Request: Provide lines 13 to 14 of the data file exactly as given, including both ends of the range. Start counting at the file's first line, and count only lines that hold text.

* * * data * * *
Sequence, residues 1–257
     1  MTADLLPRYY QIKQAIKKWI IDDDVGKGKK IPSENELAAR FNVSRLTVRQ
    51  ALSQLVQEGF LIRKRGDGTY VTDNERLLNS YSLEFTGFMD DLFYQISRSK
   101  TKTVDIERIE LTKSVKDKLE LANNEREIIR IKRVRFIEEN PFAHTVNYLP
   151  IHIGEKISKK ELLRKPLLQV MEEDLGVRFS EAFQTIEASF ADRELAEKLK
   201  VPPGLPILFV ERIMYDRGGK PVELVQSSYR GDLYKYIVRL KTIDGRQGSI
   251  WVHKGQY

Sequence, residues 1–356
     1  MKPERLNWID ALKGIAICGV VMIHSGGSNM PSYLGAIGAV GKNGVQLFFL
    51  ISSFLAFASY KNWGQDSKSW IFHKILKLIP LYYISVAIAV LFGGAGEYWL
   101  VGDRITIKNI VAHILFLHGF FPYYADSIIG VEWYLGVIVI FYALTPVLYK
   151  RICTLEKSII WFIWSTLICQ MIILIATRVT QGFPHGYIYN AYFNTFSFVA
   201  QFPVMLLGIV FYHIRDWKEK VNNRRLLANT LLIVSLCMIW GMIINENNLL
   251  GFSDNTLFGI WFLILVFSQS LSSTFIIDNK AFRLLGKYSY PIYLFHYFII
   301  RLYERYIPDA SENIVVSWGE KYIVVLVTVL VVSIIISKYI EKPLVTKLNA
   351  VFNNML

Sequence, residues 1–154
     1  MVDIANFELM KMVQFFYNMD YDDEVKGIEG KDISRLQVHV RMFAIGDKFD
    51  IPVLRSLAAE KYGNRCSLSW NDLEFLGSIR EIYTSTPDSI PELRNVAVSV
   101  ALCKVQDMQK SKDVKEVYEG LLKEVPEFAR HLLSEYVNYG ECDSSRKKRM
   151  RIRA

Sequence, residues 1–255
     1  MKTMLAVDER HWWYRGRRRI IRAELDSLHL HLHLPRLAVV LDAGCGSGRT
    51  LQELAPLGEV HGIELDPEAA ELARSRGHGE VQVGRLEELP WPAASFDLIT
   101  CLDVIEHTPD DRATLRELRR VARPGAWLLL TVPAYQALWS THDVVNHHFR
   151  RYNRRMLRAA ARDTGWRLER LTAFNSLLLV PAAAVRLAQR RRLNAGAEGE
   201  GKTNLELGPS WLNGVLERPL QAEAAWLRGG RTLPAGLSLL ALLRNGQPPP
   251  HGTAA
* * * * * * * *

   201  QFPVMLLGIV FYHIRDWKEK VNNRRLLANT LLIVSLCMIW GMIINENNLL
   251  GFSDNTLFGI WFLILVFSQS LSSTFIIDNK AFRLLGKYSY PIYLFHYFII